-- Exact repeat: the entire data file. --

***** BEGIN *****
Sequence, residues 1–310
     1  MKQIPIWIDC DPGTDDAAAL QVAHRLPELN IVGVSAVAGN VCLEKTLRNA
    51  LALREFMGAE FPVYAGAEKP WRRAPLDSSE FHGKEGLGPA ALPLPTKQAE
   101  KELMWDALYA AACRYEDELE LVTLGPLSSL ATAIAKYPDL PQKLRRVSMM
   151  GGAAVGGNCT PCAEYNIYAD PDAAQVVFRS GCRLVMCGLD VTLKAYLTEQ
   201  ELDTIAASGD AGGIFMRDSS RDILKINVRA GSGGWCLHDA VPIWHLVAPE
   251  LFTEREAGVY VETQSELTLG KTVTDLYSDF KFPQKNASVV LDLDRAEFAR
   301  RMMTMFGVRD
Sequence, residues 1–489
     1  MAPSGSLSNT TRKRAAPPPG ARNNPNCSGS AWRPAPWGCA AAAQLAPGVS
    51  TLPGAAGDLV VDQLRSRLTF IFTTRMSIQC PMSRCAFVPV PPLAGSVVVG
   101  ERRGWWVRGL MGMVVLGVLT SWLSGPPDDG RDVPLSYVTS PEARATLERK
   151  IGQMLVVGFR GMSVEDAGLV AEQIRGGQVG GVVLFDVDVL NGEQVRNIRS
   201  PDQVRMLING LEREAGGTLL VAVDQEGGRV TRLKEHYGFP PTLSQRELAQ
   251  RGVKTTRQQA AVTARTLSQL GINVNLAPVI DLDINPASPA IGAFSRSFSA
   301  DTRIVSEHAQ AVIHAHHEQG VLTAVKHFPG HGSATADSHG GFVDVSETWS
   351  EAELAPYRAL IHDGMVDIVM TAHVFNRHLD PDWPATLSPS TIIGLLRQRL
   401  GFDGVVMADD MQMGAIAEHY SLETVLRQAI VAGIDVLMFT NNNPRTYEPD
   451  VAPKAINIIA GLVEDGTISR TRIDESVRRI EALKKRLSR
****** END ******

Sequence, residues 1–310
     1  MKQIPIWIDC DPGTDDAAAL QVAHRLPELN IVGVSAVAGN VCLEKTLRNA
    51  LALREFMGAE FPVYAGAEKP WRRAPLDSSE FHGKEGLGPA ALPLPTKQAE
   101  KELMWDALYA AACRYEDELE LVTLGPLSSL ATAIAKYPDL PQKLRRVSMM
   151  GGAAVGGNCT PCAEYNIYAD PDAAQVVFRS GCRLVMCGLD VTLKAYLTEQ
   201  ELDTIAASGD AGGIFMRDSS RDILKINVRA GSGGWCLHDA VPIWHLVAPE
   251  LFTEREAGVY VETQSELTLG KTVTDLYSDF KFPQKNASVV LDLDRAEFAR
   301  RMMTMFGVRD
Sequence, residues 1–489
     1  MAPSGSLSNT TRKRAAPPPG ARNNPNCSGS AWRPAPWGCA AAAQLAPGVS
    51  TLPGAAGDLV VDQLRSRLTF IFTTRMSIQC PMSRCAFVPV PPLAGSVVVG
   101  ERRGWWVRGL MGMVVLGVLT SWLSGPPDDG RDVPLSYVTS PEARATLERK
   151  IGQMLVVGFR GMSVEDAGLV AEQIRGGQVG GVVLFDVDVL NGEQVRNIRS
   201  PDQVRMLING LEREAGGTLL VAVDQEGGRV TRLKEHYGFP PTLSQRELAQ
   251  RGVKTTRQQA AVTARTLSQL GINVNLAPVI DLDINPASPA IGAFSRSFSA
   301  DTRIVSEHAQ AVIHAHHEQG VLTAVKHFPG HGSATADSHG GFVDVSETWS
   351  EAELAPYRAL IHDGMVDIVM TAHVFNRHLD PDWPATLSPS TIIGLLRQRL
   401  GFDGVVMADD MQMGAIAEHY SLETVLRQAI VAGIDVLMFT NNNPRTYEPD
   451  VAPKAINIIA GLVEDGTISR TRIDESVRRI EALKKRLSR